The retirement benefits are not extended to all part-time employees working for the county. Nearly 50 employees working less than the required 600 hours did not have contributions made to their retirement fund in 2012.

"The citizens of St. Clair County deserve to know why nearly 50 part-time employees weren't offered the retirement benefits while the other 45 were," Miller said. "I expect a thorough investigation will provide the answer."

IMRF is reliant upon municipal officials to ensure participating employees meet the set standards, Horrell said. The fund manages the retirement benefits of about 275,000 members from nearly 3,000 cities, counties, townships and other units of governments in Illinois. The fund was created by the state legislature and began operating in 1941.

Municipal contributions to employees' retirement benefits are collected through a separate tax rate on residents' property tax bills. For example, St. Clair County collected about $4,428,000 in property tax revenue (nearly 14 percent of the total tax revenue collected) to meet the obligations of its employees' retirement benefits in 2013.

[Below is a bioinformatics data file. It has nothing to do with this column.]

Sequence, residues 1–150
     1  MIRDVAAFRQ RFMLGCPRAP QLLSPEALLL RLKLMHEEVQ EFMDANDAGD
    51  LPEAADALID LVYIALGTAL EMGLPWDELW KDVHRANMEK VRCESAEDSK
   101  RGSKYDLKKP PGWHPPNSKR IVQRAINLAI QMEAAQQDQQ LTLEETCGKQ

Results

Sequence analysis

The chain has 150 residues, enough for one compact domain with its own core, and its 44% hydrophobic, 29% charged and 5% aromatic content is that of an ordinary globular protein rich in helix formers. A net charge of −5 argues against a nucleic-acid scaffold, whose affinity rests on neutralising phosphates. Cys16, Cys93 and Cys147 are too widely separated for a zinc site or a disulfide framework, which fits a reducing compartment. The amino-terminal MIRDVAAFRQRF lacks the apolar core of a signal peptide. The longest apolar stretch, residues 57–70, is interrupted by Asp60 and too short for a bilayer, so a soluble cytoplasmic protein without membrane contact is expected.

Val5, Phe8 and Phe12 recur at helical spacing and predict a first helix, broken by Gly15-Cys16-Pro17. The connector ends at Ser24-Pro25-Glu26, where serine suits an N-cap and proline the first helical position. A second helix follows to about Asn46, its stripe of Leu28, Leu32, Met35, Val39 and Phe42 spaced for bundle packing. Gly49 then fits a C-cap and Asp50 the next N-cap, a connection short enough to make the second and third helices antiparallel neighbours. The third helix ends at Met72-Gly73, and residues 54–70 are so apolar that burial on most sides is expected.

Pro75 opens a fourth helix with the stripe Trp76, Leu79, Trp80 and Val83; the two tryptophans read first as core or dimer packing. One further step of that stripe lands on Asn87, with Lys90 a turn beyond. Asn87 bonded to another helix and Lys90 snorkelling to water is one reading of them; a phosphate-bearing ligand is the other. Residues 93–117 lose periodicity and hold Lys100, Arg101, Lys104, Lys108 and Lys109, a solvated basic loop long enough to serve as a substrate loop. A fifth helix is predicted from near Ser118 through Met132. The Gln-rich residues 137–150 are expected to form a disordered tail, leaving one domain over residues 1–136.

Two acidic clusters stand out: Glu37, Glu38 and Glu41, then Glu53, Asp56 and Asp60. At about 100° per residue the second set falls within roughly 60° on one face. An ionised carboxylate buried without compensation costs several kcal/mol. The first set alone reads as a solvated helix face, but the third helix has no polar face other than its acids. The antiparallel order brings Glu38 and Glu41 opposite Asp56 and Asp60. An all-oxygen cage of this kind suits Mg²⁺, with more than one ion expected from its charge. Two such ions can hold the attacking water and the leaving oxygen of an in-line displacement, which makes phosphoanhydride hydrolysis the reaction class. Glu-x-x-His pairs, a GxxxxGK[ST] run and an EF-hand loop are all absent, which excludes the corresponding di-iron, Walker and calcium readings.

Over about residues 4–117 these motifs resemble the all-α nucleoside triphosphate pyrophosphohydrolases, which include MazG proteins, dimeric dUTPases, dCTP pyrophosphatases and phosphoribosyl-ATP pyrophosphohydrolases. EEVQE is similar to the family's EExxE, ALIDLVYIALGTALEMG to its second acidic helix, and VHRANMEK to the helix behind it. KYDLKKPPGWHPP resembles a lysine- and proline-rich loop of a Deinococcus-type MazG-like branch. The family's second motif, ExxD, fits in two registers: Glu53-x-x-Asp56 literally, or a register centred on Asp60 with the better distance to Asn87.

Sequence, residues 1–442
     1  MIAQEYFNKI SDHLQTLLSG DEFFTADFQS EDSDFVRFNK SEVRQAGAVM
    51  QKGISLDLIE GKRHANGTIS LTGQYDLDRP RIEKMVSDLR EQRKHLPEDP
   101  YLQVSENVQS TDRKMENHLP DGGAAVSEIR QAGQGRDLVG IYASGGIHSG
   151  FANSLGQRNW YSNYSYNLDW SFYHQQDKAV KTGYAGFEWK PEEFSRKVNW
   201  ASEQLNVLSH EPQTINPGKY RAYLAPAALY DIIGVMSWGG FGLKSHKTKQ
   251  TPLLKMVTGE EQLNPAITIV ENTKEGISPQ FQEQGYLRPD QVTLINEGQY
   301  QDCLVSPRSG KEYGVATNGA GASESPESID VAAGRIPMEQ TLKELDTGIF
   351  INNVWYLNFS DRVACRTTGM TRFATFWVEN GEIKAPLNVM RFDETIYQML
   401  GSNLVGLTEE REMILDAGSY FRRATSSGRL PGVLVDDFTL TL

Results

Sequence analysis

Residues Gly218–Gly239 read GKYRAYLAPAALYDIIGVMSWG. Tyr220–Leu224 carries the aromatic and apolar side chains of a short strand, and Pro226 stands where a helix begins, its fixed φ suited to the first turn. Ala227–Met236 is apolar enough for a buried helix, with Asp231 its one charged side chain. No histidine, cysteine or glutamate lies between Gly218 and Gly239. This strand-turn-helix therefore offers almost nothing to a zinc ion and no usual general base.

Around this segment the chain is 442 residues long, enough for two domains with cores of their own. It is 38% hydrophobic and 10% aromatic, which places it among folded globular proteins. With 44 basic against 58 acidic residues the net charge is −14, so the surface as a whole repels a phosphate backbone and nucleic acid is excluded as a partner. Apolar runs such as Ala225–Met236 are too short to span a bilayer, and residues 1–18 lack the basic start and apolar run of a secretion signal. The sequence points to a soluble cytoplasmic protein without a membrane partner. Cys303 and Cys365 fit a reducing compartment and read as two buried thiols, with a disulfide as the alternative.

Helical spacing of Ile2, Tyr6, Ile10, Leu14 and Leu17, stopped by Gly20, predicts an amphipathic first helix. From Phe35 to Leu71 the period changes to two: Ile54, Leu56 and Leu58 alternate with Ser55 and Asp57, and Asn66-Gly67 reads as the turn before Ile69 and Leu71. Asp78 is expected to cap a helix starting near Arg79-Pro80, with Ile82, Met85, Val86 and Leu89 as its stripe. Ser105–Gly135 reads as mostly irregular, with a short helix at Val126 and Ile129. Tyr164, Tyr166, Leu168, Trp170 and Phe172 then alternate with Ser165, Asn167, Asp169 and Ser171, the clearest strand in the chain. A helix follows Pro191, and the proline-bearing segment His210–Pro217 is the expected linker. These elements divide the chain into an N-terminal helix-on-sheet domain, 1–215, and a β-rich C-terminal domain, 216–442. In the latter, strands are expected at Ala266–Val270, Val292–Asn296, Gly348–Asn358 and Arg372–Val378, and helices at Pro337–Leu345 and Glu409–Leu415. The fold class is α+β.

Employees working more than 600 hours annually are required by state law to contribute 4.5 percent of their paycheck to the plan. The employee contributions are also withheld from their total earnings reported on state and federal income tax filings.

Municipal contributions cannot be refunded and must remain in a designated account for the municipality's employees, Horrell said.

Miller said he strongly encourages IMRF to not stop digging after auditing the county.

"They need to take a good, long look at all of the municipalities and townships within the county too, because there are a lot of municipal legal positions filled by a few hand-picked, Democrat Party preferred lawyers," Miller said. "They've managed for decades to make a good living bleeding the taxpayers dry, whether it's through multiple generous salaries, health care, or retirement benefits."

Contact reporter Daniel Kelley at dkelley@bnd.com or 618-239-2501.